- Public Health England chief says 9.6 per cent cut is a “manageable efficiency requirement”
- “Intellectually inadequate” to say protecting NHS means less concern for public health
- Public health funding likely to come through business rates from 2018
Cuts to public health budgets of almost 10 per cent over the next four years are a “reasonable ask” of local government, the chief executive of Public Health England has said.
In an interview with HSJ’s sister title Local Government Chronicle, Duncan Selbie also backed government plans to fund public health via business rates when income from the local tax replaces revenue support grant later in the decade.
Asked about the 9.6 per cent cut to the £3.4bn public health budget announced in last month’s spending review, Mr Selbie said councils needed to be, and largely were, thinking about how they could improve the public’s health through the 100 per cent of their budgets, not just the “3 per cent” accounted for by the public health grant.
He acknowledged local authorities still had a duty to provide services such as sexual health and smoking cessation but defended the cut on the grounds public health funding had not come with an efficiency requirement when it transferred from the NHS in 2013. Mr Selbie described this as a “unique position in local government finance” that was maintained until the £200m in-year cut announced in the July budget.
Asked whether the cut was a surprise to him, he said: “Of course it was.”
“I know [councils have] spent the first two to three years squeezing out the best possible value and I wish the prize for that was not to have a 6.2 per cent reduction in year three,” he said.
Many critics of the cuts have complained that it is shortsighted to cut public health while protecting the NHS. Asked whether he had sympathy for that view Mr Selbie, a former hospital chief executive, said he had a “different narrative”.
“The single most important thing that drives the health of the people is economic development and prosperity… The science underpinning that is even stronger than the science underpinning healthcare,” he added.
He said “no amount of money from public health would have come close to solving the problem in the NHS”.
In response to the suggestion cuts to preventative services might put more pressure on the NHS in the long run, Mr Selbie said that was why the reduction was “9.6 per cent and not 19.6 per cent or 29.6 per cent or 50 per cent”.
He added: “It’s 9.6 per cent because that’s thought to be a manageable efficiency saving over five years for any local authority.”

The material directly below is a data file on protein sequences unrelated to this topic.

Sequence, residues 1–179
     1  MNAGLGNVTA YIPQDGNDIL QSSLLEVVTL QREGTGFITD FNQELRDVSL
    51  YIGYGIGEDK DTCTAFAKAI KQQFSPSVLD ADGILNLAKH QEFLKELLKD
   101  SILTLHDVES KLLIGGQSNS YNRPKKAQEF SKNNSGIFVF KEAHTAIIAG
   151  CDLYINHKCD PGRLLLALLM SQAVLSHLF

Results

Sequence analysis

Mr Selbie added: “It’s intellectually inadequate to make the connection between a decision to get the NHS back on its feet and an efficiency requirement of local government over five years and say that one equals less concern for the other.”
Asked whether he had to fight to achieve a cut of 9.6 per cent, Mr Selbie said: “I’ve been engaged in making the argument and I feel fundamentally listened to and I would hope that local government would recognise the outcome as a reasonable ask.”
He said austerity had allowed areas to “make better use” of public health cash and open up conversations “that were simply not possible before” such as discussions with the Department for Work and Pensions about the links between work and health.
Devolution was another “reason to be cheerful”, he said, as the drive for economic development was core to improving public health, while the move to funding through business rates had the potential to encourage a “more integrated way of thinking about [public health]”.
Mr Selbie suggested this new funding system would be introduced from 2018, at which point the current ringfence would cease.
Business rates income varies hugely between councils and the government has committed to redistribute resources.
Mr Selbie said he was “very committed” to the change in funding as the ring fence had never been intended to last forever but would be “concerned” to ensure funding through business rates addressed need and inequality.
He said the move to business rates retention should be the priority for the next couple of years, rather than trying to move areas closer to their target funding at a time when the overall pot available was reducing.
Selbie defends PHE independence in sugar tax row
Public Health England chief executive Duncan Selbie has defended the organisation’s role in the recent row over publication of evidence supporting a sugar tax.
The chair of the Commons health committee Sarah Wollaston accused PHE of bowing to political pressure from ministers by not publishing its report.
Mr Selbie said PHE had “never once” been asked by the government “or its agents” to alter what they were saying.
He said PHE had always intended to publish its controversial review when the time was right.
“What we’re independent about is to speak to the evidence without being fettered. When I went before the health select committee and said I am working with the secretary of state about a childhood obesity strategy. This will require careful negotiation across all of govt and we just need the time do that,” Mr Selbie said.
“They said we think that questions your independence. We said well maybe the most important arbiter of independence is the right to choose and I’m choosing not to, not yet.”
He added: “People can think that independence is about shouting or disagreeing in a very public way. I can’t get anything done without government in exactly the same way that a local authority chief executive can’t get anything done without having his cabinet with him.
“If the secretary of state or anybody had said you can’t [publish] we would have had a very different outcome. If they told us what to say you’d have had a different outcome but none of those thing are true. I have not once ever been asked by government or its agents to alter what we’re saying and that’s where the independence lies.”